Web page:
Because of the importance of maintaining normal ATP levels to support contraction and excitation, there are many pathways for ATP synthesis in the heart. The major oxygen-dependent pathway is oxidative phosphorylation. In the present study, we estimate the rate of ATP synthesis from oxidative phosphorylation from MVO2 measurements. Comparison of ATP synthesis rates measured as MVO2 and by direct phosphoryl transfer between Pi and ATP by 31P-NMR spectroscopy have shown good agreement for control hearts.1 Under all conditions studied (at baseline, with increased heart rate, and with increased inotropic stress due to increased [Ca2+]o), ATP synthesis rates estimated in this way were higher in Fz-DCM than in control hearts. A surprising result of the present study is that even an apparent increased rate of oxygen-dependent ATP production failed to maintain normal ATP levels in the failing heart.
We did not measure ATP production from substrate level phosphorylation via glycolysis, but we found no differences in the tissue contents of the major glycolytic proteins phosphofructokinase, glyceraldehyde-3-phosphate dehydrogenase, and lactate dehydrogenase (data not shown). Mirsalimi et al45 found decreased phosphofructokinase and lactate dehydrogenase activities in 6-week-old turkey hearts treated with Fz for 4 weeks. The apparent discrepancy may be explained by differences in normalization (myocardial mass rather than protein content), maturation, or duration of Fz treatment. Our results suggest that the capacity for ATP production via glycolysis is unchanged in the failing heart. However, since the rate of glycolysis and Vmax of the glycolytic proteins do not always correlate,46 glycolytic rates may differ in failing and nonfailing myocardium.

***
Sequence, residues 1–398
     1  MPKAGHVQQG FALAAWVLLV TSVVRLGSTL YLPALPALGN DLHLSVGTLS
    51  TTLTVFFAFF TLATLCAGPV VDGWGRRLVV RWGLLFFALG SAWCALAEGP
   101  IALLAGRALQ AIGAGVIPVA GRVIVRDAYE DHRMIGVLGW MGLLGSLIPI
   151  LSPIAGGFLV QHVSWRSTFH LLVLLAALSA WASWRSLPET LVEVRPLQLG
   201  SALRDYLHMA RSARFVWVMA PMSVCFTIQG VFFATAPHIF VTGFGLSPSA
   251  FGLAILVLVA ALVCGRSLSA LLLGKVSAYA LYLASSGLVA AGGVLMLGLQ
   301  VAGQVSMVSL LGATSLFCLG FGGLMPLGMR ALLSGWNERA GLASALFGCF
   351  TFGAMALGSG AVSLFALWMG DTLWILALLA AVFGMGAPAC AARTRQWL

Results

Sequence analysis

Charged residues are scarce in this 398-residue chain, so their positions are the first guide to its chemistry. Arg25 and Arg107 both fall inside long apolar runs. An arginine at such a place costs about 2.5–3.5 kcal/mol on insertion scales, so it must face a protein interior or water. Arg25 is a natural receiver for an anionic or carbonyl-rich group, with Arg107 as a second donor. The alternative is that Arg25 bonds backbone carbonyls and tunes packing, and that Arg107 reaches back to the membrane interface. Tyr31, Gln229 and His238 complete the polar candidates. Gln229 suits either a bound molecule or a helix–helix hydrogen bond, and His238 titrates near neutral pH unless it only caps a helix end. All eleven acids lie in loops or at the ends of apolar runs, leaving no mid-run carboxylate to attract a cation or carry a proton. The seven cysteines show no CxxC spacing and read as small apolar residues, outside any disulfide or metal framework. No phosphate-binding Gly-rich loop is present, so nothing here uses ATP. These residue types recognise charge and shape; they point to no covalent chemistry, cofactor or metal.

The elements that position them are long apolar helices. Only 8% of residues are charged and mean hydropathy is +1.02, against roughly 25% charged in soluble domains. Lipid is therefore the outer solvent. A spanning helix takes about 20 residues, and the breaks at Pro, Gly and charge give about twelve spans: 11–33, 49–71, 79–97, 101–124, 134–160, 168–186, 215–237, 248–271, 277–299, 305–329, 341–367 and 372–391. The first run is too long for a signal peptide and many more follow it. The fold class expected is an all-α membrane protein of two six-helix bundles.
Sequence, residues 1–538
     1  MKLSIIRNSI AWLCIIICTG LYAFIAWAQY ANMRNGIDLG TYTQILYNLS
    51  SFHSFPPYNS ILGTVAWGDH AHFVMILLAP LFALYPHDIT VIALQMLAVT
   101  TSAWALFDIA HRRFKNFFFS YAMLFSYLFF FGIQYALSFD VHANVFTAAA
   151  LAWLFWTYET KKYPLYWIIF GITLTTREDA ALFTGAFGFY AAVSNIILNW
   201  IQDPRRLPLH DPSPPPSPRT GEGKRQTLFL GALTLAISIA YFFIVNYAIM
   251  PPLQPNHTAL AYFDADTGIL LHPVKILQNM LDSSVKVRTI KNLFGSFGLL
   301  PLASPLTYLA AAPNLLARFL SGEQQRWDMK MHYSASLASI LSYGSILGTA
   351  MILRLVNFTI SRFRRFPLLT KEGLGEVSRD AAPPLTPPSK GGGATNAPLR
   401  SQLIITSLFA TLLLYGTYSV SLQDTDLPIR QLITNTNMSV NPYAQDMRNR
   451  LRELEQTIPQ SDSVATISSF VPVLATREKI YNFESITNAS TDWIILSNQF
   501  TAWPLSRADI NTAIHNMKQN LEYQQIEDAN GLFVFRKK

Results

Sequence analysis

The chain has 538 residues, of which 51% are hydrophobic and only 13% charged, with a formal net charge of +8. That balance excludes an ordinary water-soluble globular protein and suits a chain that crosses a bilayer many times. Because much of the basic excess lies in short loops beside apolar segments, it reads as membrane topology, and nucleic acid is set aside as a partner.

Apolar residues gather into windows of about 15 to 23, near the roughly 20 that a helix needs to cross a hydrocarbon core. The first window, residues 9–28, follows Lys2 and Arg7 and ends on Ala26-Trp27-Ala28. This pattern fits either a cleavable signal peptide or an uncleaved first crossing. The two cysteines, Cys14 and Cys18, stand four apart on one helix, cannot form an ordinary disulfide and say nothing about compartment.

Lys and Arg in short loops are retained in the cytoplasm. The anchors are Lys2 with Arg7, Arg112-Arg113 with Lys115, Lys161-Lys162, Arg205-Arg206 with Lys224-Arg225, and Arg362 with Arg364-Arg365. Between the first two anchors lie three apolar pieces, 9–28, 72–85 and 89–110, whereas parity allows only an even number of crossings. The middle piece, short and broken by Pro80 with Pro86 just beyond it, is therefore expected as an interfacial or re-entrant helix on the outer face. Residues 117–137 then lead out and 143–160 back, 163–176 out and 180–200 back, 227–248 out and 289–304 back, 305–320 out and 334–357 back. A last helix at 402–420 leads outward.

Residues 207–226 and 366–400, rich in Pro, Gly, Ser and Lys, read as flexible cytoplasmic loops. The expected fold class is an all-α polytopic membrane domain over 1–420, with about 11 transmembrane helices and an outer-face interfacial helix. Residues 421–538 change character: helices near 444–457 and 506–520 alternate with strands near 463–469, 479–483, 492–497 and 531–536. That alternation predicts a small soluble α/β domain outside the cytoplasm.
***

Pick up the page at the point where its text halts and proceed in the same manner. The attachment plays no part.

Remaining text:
A major observation of the present study is that both the capacity for ATP synthesis via the CK system (Vmax) and the unidirectional Vfor directly measured using 31P-NMR magnetization transfer are lower in the Fz-DCM heart. The decrease in Vmax for the CK reaction is not due to a nonspecific decrease in the content of all proteins, since neither the tissue activities of glycolytic enzymes (see above) nor the mitochondrial enzyme (citrate synthase) differ in control or Fz-DCM hearts (data not shown). In the control hearts, Vfor is approximately an order of magnitude greater than the rate of ATP synthesis measured as MVO2 (7.8 versus 0.9 mmol/L per second), similar to what has been measured in isolated perfused mammalian hearts.1 44 In contrast, in the Fz-DCM hearts, Vfor is only slightly greater than the rate of ATP synthesis (2.3 versus 1.3 mmol/L per second). Thus, not only is the ATP content lower in the failing heart, but the ability to rapidly resynthesize ATP via the CK reaction is also impaired.
CK System in Failing Fz-DCM Hearts
Results from both the noninvasive tool of 31P-NMR spectroscopy and chemical assay show that the Fz-DCM hearts have decreased energy reserve via the CK reaction. This is shown by a decrease in the capacity for ATP synthesis via the CK reaction, measured as tissue enzyme activity (Vmax, 34% lower) and by a decrease in tissue content of PCr (42% lower). Since flux through the CK reaction is proportional to the product of Vmax and PCr, these results predict that Vfor is reduced by as much as 60%. Direct measurement of Vfor in the intact beating heart confirms this prediction. kfor, measured using magnetization transfer, was decreased by 50% in failing versus nonfailing hearts. This results in a phosphoryl transfer rate that is 71% lower. The values of phosphoryl transfer of 60%, estimated by the product of Vmax and [PCr], and 71% obtained by direct measurement are in good agreement.